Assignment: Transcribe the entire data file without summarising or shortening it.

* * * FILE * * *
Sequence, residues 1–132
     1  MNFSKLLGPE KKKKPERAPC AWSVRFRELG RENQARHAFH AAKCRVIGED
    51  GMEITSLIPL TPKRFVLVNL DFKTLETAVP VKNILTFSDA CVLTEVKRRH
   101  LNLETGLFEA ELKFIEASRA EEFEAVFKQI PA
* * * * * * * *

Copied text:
Sequence, residues 1–132
     1  MNFSKLLGPE KKKKPERAPC AWSVRFRELG RENQARHAFH AAKCRVIGED
    51  GMEITSLIPL TPKRFVLVNL DFKTLETAVP VKNILTFSDA CVLTEVKRRH
   101  LNLETGLFEA ELKFIEASRA EEFEAVFKQI PA